Oh, I know it's not going away. My POINT was that most nurses are resigned to the extra paperwork, but not committed to the import of what that paperwork means. So, while I agree with you that they are a mandated part of the record, I disagree that they serve any purpose BUT to comply with yet another paperwork requirement.

    I'm not naive. I know WHY they are there. I also know that the real purpose they serve is to make sure nurses don't stray beyond our place. The REASON why they are embedded in law is to teach nurses their place in the system. THESE are your limits, know them well. No, I get it. I just don't respect it. And, I'm not nearly alone.

    If you want me to respect a 'language of nursing', make it one that my allied health peers can understand. Otherwise, we are just wandering around Babel, wondering why nobody understands or respects us. Personally, I aspire more from nursing then to relegate our input to an unintelligent form quickly stuffed to the back of the 'nursing' section of the chart, never to be seen again.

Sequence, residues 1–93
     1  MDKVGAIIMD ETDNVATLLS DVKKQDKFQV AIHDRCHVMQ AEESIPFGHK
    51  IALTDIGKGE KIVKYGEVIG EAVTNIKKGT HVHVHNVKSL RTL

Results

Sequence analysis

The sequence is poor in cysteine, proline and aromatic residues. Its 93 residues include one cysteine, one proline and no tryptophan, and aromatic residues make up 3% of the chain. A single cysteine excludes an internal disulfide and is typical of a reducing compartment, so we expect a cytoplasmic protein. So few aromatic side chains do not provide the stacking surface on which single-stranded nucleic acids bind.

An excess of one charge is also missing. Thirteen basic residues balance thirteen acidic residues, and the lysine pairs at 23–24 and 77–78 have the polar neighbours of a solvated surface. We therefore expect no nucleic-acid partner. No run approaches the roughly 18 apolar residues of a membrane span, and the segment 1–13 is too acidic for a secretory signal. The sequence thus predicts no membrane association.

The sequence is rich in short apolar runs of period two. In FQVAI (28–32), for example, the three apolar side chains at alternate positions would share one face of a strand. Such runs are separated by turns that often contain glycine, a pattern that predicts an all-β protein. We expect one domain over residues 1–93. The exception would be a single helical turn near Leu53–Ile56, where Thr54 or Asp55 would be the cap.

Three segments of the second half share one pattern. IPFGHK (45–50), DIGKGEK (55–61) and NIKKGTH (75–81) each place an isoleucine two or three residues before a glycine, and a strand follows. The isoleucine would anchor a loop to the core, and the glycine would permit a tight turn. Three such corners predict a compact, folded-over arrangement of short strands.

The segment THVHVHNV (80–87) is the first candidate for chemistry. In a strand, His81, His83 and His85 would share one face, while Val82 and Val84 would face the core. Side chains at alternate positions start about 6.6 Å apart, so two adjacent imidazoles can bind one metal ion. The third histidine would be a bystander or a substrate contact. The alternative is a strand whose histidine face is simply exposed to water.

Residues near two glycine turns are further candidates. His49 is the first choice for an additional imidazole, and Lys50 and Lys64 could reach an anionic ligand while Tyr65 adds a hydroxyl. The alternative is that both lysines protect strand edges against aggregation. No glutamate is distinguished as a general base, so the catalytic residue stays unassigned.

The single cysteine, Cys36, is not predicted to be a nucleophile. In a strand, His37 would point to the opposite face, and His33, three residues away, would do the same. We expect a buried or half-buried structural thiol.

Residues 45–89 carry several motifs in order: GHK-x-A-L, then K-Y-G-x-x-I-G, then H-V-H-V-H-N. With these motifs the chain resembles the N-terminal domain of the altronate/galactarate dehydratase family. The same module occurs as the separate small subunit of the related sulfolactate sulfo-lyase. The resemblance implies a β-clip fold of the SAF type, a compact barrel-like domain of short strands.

In 13 yrs of nursing, I've NEVER seen a careplan actually referenced in ongoing nursing care. Not once. And that includes working with hundreds of nurses in dozens of units in mulitiple states over the years.

    It's just not relevant in the trenches. To the extent that it isn't, and it isn't, I FAULT those that created them. I certainly don't respect their input. Why should I? Those plans are evident enough that they don't respect mine.

    In fact, I'll go one further: if you were to look at MY charts, you would see updated care plans. Why? Because I understand that it's a game and I know the rules of how to play. Just because I know HOW to play the game does not nearly translate to respect FOR the game.

    Quote from Daytonite
    I can tell from what has been posted that most nurses and nursing students are just uninformed about what NANDA does.
    Exactly! And that is one of nursing's chief problems: an utter lack of praxis. The fact that our concepts don't tranlate well at all to the realities of nursing should be a stark wake-up call to our Ivory Tower. Instead, it seems to me that they relish their 'secret' knowledge. It's a secret handshake club, and I know full well that I'm not part of it. The real secret is that I'm also not interested in it, except to tear down the club walls.